Your next question comes from Brett Hodess – Merrill Lynch.

Brett Hodess – Merrill Lynch

On the market side, you commented that the Solar side was one area that held up a bit. Is that still holding up and also, you mentioned that there was quite a bit of push out from the first quarter and first half into the second half, was it across the board or predominantly in the MOCVD or Solar? Could you help us with those two questions?

John Peeler

On the market side of Solar, you know we participate in three areas. We participate in the concentrator solar cell market with our MOCVD systems. We participate in thermal sources for CIGS suppliers, and then we have our CIGS web coding systems.

What we see is that there's a lot of activity. First of all, there's been good activity in the concentrator solar cell market over the last year. We think we had a good year there. We haven't seen a big change yet. And we do see continuing activity in the CIGS market. There are customers buying our sources and investing in their businesses and ramping their lines.

We think the market is holding up well. It certainly depends on whether a company has funding or not, and I think that's a real critical factor here, because there's some companies that have substantial funding and they're moving ahead on their expansion plans, and moving forward with that.

As I think everyone know, for companies that don't have funding, it's a very difficult time to go and get it. I think the market is still solid but it really depends on company by company, what their cash situation and funding level is.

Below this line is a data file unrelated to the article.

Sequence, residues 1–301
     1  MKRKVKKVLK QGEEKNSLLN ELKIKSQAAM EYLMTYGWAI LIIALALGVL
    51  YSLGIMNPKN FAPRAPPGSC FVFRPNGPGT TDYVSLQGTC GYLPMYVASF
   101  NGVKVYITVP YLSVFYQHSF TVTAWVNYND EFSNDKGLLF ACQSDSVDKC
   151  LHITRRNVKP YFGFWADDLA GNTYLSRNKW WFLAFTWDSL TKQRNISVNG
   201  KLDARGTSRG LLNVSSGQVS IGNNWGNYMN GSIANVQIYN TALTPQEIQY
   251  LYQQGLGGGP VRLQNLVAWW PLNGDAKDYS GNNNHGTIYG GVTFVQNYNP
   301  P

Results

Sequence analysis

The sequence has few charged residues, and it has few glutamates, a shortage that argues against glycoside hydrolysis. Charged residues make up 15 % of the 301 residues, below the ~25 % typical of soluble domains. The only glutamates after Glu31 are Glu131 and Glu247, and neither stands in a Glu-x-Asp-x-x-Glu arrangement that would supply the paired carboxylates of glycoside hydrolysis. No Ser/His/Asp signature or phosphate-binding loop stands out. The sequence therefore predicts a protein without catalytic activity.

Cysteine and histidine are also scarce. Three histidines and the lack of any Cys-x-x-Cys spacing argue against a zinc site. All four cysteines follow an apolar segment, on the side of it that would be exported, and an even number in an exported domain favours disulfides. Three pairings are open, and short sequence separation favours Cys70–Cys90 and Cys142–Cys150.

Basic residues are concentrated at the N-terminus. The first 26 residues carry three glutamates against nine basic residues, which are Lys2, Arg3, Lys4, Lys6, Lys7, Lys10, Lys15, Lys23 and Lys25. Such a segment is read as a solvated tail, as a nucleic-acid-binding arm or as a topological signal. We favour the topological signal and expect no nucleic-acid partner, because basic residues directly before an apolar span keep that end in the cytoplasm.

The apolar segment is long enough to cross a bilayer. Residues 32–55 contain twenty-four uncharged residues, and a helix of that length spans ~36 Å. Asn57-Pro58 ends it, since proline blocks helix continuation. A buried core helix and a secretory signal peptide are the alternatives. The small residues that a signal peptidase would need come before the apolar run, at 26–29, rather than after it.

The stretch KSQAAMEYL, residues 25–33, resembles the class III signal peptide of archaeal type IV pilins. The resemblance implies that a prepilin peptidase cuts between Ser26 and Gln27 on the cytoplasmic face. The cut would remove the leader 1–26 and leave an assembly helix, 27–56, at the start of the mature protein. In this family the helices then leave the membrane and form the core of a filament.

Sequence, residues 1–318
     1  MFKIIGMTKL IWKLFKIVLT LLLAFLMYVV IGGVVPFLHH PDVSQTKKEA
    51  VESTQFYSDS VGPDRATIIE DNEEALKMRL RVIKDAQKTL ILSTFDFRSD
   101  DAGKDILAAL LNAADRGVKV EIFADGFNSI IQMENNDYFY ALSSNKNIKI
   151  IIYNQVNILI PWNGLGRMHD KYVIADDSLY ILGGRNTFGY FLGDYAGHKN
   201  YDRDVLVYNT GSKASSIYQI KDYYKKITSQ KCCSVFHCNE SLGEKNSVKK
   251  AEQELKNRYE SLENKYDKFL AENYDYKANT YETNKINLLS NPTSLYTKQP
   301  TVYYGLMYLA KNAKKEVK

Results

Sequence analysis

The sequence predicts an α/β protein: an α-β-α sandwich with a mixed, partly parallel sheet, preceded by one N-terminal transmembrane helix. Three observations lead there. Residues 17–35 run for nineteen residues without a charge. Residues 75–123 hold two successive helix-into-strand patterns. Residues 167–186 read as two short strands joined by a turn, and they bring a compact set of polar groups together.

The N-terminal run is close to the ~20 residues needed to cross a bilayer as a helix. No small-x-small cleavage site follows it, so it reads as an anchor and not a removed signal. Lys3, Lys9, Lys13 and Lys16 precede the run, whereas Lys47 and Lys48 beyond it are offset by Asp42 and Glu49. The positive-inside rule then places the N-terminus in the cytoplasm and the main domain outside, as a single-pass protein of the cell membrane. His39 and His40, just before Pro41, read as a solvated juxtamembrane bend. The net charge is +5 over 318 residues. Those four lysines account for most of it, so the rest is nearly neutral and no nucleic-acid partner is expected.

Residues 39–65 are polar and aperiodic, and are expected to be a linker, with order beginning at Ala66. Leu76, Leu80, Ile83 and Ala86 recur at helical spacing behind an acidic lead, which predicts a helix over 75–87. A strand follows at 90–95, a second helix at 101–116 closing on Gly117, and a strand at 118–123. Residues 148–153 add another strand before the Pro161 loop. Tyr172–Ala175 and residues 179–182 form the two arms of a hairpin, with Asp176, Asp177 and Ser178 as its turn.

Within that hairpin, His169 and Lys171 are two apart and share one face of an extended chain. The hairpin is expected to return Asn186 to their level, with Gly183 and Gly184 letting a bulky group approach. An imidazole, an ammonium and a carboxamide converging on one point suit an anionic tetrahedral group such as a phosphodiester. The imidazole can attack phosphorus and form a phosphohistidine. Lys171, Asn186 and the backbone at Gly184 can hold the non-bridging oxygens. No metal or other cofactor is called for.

On the push outs, the push outs were really about equally split between Data Storage and LED and Solar, and they were really focused on the LED and Data Storage markets.

Brett Hodess – Merrill Lynch

You gave a great explanation of a lot of the things that you're doing to get to that margin model which would be quite a strong improvement than what we've seen in the past, but you also mentioned earlier on in the commentary that some of it is dependent on mix. So if we assume that the HB LED businesses and Solar business, that piece of the business is the higher growth piece of the business, is that a correct assumption that if we move to a heavier mix of HB LED and Solar that the margin model would work?

John Peeler

It really depends within the category of LED and Solar. There's certainly different mixes between sources and MOCVD systems and web coders. But there's also a bigger potential mix between Metrology and the Process Equipment businesses. Historically, and I'll say not necessarily in all quarters of this year, but over the longer term, the Metrology business tends to operate under a margin model that has a higher margin.